July 1, 2016


Wizards don’t stand a chance


LeBron James has a way of saying a lot by saying almost nothing.

So it was as James sat at the interview podium Sunday afternoon at the Verizon Center, about 45 minutes after passing to Delonte West for the game-winning 3-pointer in the Cavaliers’ 100-97 victory over the Washington Wizards in Game 4.

The win put Cleveland up 3-1 in the best-of-seven series, meaning it can advance to the second round for the third straight season by winning Game 5 Wednesday at 7:30 p.m. at Quicken Loans Arena.

 James, who finished with 34 points, 12 rebounds and seven assists in Game 4, was his articulate, insightful, charming, quotable self while answering any and all questions about the game.

Then, near the end of the session, the not so small forward was asked if he thought the Wizards could come back to win the series.

Nattily attired as always, the 6-foot-8, 250-pounder repeated the question, then answered in one word: “No.”

There was silence, as those on hand waited for him to say more, but James just sat there with a smile on his face. All at the same time, his look portrayed confidence, satisfaction, smugness, some non-verbal trash-talking and, let us not forget, brutal honesty.

“He’s not getting into any verbal confrontations on the court or in the media or anywhere else,” Cavaliers coach Mike Brown said Monday. “He’s just going about his business and letting his play speak for itself. That’s key because he’s our leader. If he does it, we’ll all follow.”

James’ play — he’s averaging 29.5 points, 8.5 rebounds and 6.5 assists in the series — has once again spoke volumes, and his teammates are once again following his lead.

When James almost had his head taken off — his headband did go flying — on a flagrant foul by DeShawn Stevenson in the second quarter of Game 4, he made his unhappiness known. His best response, however, was scoring 12 points in a 23-5 Cleveland run to end the first half.

The league Monday fined Stevenson $25,000 for making what it called “a menacing gesture” in Game 4, but did not suspend him for Game 5. It really doesn’t matter because James, who continues to Soulja on, will quietly make the Washington guard pay a much steeper price.

 “It takes a special person to be able to keep poised through everything that’s going on,” Brown said. “Let’s face it: LeBron is human.”

That may be true — well, it is true — but James has not always looked human on the court.

He certainly hasn’t looked like a 23-year-old. Nothing has deterred him, be it hard fouls by Andray Blatche, Brendan Haywood or Stevenson. Even the constant chant of “overrated” by the Washington crowd had no affect on James, other than to perhaps spur him on even more.

“That’s by far the biggest individual criticism I’ve faced on one player when I’ve been in the playoffs,” Brown said.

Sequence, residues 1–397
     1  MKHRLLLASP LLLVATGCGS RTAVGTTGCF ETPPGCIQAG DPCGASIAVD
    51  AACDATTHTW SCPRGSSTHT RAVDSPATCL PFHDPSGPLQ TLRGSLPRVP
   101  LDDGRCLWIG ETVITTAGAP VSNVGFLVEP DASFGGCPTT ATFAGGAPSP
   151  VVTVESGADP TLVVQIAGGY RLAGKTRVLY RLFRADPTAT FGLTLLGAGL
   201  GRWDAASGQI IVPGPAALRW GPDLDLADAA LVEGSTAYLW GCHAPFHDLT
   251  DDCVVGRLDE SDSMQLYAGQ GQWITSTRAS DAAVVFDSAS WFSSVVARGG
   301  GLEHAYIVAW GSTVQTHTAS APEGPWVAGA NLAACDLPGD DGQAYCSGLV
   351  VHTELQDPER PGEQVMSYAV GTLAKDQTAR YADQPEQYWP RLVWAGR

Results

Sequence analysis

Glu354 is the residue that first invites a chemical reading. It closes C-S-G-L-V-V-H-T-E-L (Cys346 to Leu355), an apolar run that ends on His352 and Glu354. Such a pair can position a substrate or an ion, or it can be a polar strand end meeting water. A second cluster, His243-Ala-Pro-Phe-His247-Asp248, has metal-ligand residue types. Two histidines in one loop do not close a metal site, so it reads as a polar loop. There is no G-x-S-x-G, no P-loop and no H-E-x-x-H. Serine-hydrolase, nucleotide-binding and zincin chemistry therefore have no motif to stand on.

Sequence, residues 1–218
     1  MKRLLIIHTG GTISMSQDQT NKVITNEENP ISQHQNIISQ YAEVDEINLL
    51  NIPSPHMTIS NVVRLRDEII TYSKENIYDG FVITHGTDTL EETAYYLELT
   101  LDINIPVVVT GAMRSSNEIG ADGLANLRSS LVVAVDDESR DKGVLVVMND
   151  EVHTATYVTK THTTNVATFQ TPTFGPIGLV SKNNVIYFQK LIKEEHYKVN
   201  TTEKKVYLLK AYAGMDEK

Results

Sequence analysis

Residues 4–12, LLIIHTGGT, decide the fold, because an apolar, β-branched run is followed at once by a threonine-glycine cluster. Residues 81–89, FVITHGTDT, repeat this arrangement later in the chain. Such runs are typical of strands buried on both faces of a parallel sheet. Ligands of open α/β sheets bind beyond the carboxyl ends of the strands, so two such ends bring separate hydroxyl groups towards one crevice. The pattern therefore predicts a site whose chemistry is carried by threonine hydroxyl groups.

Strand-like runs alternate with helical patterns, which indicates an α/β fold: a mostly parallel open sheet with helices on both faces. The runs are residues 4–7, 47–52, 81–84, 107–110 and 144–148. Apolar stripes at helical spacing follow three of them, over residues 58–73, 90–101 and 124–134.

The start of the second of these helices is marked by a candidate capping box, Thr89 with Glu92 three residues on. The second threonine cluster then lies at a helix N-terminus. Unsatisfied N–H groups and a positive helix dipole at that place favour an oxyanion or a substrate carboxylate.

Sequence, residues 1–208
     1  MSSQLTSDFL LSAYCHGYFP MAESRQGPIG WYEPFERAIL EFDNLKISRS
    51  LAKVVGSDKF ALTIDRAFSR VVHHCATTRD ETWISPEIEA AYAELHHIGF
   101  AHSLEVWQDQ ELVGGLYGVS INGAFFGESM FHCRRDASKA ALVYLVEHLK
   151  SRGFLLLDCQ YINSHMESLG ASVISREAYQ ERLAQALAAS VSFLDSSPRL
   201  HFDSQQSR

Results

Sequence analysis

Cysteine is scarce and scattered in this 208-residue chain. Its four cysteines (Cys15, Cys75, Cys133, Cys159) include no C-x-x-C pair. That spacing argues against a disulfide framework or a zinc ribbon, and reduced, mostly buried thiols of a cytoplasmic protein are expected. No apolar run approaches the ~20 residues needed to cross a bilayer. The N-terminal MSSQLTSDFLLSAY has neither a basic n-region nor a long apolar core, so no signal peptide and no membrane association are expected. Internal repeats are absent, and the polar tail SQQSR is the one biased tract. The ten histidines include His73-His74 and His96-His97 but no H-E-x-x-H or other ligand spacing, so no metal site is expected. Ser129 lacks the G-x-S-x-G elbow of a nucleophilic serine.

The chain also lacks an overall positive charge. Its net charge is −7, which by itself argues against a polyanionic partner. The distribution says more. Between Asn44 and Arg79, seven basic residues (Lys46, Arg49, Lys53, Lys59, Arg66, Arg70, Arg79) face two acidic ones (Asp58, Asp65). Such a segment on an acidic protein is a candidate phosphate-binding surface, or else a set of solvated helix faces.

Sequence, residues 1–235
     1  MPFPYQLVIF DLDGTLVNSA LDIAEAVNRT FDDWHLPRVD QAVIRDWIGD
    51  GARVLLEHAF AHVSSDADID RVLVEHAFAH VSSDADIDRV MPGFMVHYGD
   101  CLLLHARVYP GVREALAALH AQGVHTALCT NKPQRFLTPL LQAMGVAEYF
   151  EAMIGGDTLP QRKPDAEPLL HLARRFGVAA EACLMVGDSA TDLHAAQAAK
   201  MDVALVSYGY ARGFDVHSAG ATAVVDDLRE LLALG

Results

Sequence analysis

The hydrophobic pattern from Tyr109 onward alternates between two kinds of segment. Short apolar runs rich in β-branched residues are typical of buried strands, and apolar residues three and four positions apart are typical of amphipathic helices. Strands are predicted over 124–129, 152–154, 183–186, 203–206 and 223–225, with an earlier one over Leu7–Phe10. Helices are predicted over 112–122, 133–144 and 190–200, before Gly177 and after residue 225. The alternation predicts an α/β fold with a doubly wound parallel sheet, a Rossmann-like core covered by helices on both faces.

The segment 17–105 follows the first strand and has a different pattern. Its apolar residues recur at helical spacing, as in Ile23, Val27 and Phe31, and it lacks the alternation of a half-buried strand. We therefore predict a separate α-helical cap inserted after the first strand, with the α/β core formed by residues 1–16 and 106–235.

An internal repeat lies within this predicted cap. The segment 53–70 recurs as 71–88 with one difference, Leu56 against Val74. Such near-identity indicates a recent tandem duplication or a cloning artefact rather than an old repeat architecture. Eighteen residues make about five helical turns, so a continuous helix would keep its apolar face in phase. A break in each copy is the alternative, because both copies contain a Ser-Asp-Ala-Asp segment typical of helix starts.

It hasn’t mattered, and it almost certainly won’t. James and his teammates won’t allow it.

History certainly is on the Cavaliers’ side — only eight teams in NBA history have come back to win a series after being down 3-1 — but there’s more to it than that.

For all the Cavaliers’ refusal to get into a war of words with the Wizards, for all Brown’s efforts to compliment the opponent and not supply bulletin-board material, the confidence of Cleveland’s players can’t be, to steal Stevenson’s word, overrated.

Sure, the Cavaliers could have lost Game 1, but they didn’t.

Sure, they lost Game 3 by a franchise playoff-record 36 points.

Sure, Game 4 in Washington came down to the final buzzer.

All that is true, but the fact remains the Cavaliers are up 3-1. Not only that, they truly believe —and they’ve shown it more often than not — they are a better team than the Wizards.

The fact they’ve eliminated Washington from the playoffs the last two years only adds to that well-justified feeling heading into Game 5.

The Cavaliers may not make 13-of-28 3-pointers again, like they did in Game 4.

They may not get the inspired performance they received on Sunday from power forward Ben Wallace — and backup Joe Smith —every time out.

Heck, they may even cringe every time Anderson Varejao’s hair gets too tight and he gets the lame-brained idea to dribble the basketball, but this team knows it is going to win this series.

It will probably happen Wednesday, but even if it doesn’t, the Cavaliers will still have two more opportunities.

Zydrunas Ilgauskas, who struggled during the two games in Washington, isn’t going to keep missing jumpers.

Wally Szczerbiak, too, will make a few sooner or later.

Toss in a little of this from Devin Brown, a little of that from the home crowd, a few more threes from West and Daniel “Boobie” Gibson and, lest we forget, more terrific play from James and only one conclusion can be reached.

Can the Wizards win this series?


Noland may be reached at rickn@ohio.net or 330-721-4061.


Rick Noland About Rick Noland

Rick Noland is the Cavs beat writer for The Gazette and the author of "Over Time," a compilation of stories he's written in more than 30 years as a journalist. He can be reached at 330-721-4061 or rnoland@medina-gazette.com. Like him on Facebook and follow him on Twitter.